Declassified documents obtained (but not published) by WIRED Magazine indicate that the FBI has been hard at work expanding a database of Americans' personal and financial information. According to WIRED, the FBI's National Security Branch Analysis Center (NSAC) has compiled a database of "more than 1.5 billion government and private-sector records" and has been mining this database for use in criminal investigations. The data, which apparently has been obtained from a number of private companies, includes transaction records from hotels, rental car companies and retailers. [Note, that this database dwarfs the largest know data breach to date, which involved a mere 130 million records. One hopes that they have policies in place to prevent abuse.] The records include:
- International travel records of citizens and foreigners
- Financial forms filed with the Treasury by banks and casinos
- 55,000 entries on customers of Wyndham Worldwide, which includes Ramada Inn, Days Inn, Super 8, Howard Johnson and Hawthorn Suites
- 730 records from rental-car company Avis
- 165 credit card transaction histories from Sears
- Nearly 200 million records transferred from private data brokers such Accurint, Acxiom and Choicepoint
- 17,000 traveler itineraries from the Airlines Reporting Corporation
This program is picking up speed. Declassified documents obtained by WIRED apparently show that the FBI has 103 full-time employees and contractors devoted to the protect and has requested funding for 71 more. Funding for the program has expanded from $47.5 million in 2007 to $78.7 million in 2008. A U.S. Department of Justice document (.pdf) indicates that in 2009 alone, NSAC received 18 new employees and a more than $10 million increase in its budget.
This is not the first data mining project developed for the purposes of investigating terrorism and criminal activities. In the wake of the September 11, 2001 attack, the U.S. government began development on a data mining project called "Total Information Awareness" or "TIA" which would analyze vast amounts of information regarding financial transactions, travel, health records and other types of customer data to detect terrorism and criminal activity. The Defense Advanced Research Projects Agency (DARPA) and the Pentagon's short-lived Information Awareness Office was chiefly responsible for this project. Based on concerns about the scope and privacy implications of the project, Congress pulled funding for the TIA program and shuttered the Information Awareness Office in September 2003.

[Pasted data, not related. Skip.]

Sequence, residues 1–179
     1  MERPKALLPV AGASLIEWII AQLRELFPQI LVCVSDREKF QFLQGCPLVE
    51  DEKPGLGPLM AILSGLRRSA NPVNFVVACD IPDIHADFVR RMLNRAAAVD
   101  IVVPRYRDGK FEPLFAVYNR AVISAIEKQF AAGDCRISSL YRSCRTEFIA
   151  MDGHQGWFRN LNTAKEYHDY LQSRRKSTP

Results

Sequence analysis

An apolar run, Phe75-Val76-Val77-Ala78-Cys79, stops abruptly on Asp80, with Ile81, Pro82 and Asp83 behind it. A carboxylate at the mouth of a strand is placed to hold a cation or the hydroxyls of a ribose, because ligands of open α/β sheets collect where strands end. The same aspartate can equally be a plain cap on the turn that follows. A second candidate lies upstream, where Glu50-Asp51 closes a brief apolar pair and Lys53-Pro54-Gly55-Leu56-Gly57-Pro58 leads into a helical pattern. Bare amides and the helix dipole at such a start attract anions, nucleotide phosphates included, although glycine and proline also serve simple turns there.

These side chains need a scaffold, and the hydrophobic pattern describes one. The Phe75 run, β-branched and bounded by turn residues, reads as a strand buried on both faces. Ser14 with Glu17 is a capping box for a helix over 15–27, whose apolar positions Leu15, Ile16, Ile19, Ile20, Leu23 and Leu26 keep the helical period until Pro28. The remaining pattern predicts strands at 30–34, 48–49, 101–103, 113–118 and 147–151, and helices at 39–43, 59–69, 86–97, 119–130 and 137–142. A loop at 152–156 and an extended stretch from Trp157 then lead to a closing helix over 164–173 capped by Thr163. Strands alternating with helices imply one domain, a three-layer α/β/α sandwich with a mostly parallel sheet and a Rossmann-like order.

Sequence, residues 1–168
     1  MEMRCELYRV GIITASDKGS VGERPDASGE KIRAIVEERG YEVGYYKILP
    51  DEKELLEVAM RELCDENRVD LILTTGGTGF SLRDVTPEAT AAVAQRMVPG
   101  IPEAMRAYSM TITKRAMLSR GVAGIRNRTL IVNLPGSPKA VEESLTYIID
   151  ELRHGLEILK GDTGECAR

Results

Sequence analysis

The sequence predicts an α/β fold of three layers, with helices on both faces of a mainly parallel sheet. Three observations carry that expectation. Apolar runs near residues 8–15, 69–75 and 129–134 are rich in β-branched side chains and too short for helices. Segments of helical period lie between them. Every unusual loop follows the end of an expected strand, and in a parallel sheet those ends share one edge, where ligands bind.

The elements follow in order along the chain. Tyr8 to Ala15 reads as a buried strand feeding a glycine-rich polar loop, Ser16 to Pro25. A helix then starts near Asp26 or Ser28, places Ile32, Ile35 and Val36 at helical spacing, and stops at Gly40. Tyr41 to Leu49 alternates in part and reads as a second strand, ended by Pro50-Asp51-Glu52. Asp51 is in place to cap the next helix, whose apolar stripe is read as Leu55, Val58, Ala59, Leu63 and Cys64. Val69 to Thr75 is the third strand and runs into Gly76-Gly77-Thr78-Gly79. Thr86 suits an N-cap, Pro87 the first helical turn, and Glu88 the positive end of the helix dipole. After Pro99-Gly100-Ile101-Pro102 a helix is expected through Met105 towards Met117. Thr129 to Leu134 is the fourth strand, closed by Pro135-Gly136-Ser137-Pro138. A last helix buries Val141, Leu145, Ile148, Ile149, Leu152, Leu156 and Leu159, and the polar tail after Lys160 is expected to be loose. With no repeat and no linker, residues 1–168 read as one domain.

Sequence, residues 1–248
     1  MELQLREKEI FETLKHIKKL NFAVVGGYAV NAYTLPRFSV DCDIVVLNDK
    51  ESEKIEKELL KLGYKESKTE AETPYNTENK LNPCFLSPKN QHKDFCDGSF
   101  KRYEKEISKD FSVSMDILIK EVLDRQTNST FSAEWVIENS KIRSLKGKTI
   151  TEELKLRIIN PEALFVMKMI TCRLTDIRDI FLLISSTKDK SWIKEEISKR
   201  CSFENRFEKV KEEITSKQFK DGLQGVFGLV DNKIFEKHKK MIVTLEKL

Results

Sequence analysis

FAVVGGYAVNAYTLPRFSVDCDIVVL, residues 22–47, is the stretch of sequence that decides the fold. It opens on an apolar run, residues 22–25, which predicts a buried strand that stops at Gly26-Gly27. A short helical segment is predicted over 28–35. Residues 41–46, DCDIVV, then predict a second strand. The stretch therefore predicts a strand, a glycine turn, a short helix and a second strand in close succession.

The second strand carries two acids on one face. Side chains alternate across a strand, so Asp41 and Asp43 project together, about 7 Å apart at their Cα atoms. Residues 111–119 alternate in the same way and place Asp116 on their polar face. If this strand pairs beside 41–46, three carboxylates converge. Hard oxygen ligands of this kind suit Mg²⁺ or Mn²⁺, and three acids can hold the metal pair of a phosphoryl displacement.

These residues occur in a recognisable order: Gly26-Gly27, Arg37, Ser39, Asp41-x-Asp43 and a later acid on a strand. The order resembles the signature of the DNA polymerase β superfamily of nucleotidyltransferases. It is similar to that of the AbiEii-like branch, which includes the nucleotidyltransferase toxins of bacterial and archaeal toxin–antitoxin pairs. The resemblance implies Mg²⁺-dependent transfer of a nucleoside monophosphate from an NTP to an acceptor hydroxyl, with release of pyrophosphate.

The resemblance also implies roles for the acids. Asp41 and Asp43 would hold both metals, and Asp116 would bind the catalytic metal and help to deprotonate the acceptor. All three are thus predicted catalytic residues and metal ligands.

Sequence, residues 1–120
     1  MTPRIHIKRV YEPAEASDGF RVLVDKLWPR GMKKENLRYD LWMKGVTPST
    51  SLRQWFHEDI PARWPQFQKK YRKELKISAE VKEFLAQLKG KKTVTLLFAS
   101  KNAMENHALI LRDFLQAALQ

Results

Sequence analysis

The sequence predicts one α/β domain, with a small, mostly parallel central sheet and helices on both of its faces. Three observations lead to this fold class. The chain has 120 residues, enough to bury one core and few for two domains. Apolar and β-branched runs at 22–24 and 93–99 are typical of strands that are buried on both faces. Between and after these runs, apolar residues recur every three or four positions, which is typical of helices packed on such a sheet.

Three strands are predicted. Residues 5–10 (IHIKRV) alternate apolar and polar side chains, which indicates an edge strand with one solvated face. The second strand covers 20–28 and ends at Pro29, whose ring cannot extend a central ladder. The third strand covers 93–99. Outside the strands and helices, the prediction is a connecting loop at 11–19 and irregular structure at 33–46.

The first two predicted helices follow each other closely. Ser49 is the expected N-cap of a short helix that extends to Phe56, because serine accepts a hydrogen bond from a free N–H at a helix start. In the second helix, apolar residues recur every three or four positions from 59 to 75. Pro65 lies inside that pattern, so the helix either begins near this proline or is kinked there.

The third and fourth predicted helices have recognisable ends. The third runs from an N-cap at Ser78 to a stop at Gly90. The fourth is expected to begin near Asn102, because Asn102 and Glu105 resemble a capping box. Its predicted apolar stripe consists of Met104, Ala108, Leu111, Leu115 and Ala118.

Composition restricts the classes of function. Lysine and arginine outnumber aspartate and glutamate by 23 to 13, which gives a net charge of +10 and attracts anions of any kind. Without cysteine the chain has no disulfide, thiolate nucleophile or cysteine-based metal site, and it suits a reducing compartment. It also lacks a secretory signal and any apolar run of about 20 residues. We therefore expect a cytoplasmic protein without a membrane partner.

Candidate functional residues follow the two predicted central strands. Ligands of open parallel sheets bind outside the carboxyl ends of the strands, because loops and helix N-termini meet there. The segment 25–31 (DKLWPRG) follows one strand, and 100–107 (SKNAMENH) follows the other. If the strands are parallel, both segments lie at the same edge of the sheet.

The current NSAC program makes it clear that the governments has not given up on efforts to use large-scale data mining in criminal investigations. To many, however, the program implicate the same privacy concerns as TIA and should be subject to strict scrutiny and oversight. In 2007, congressmen Brad Miller and James Sensenbrenner sent a letter (.pdf) to the Government Accountability Office asking them to look into the NSAC project. One year later, congressman Miller sent a second letter (.pdf) to the House Committee on Appropriations demanding that funding to NSAC be suspended until the FBI outlines the program's purpose and provides "a clear idea of how NSAC intends to ensure that the program complies" with privacy guidelines. According to congressman Miller, the U.S. Department of Justice refused to provide any information on the FBI's plan for the program and what information they planned to obtain. In addition, the FBI apparently told GAO officials that the NSAC program was "not yet 'operational'" in an April 3, 2008 meeting. In contrast, documents obtained by WIRED apparently indicate that the NSAC data mining operations have been used in prosecuting a number of individuals.
2007 letter (.pdf) from Congressmen Miller and Sennsenbrenner to the GAO requesting an investigation into the activities of the NSAC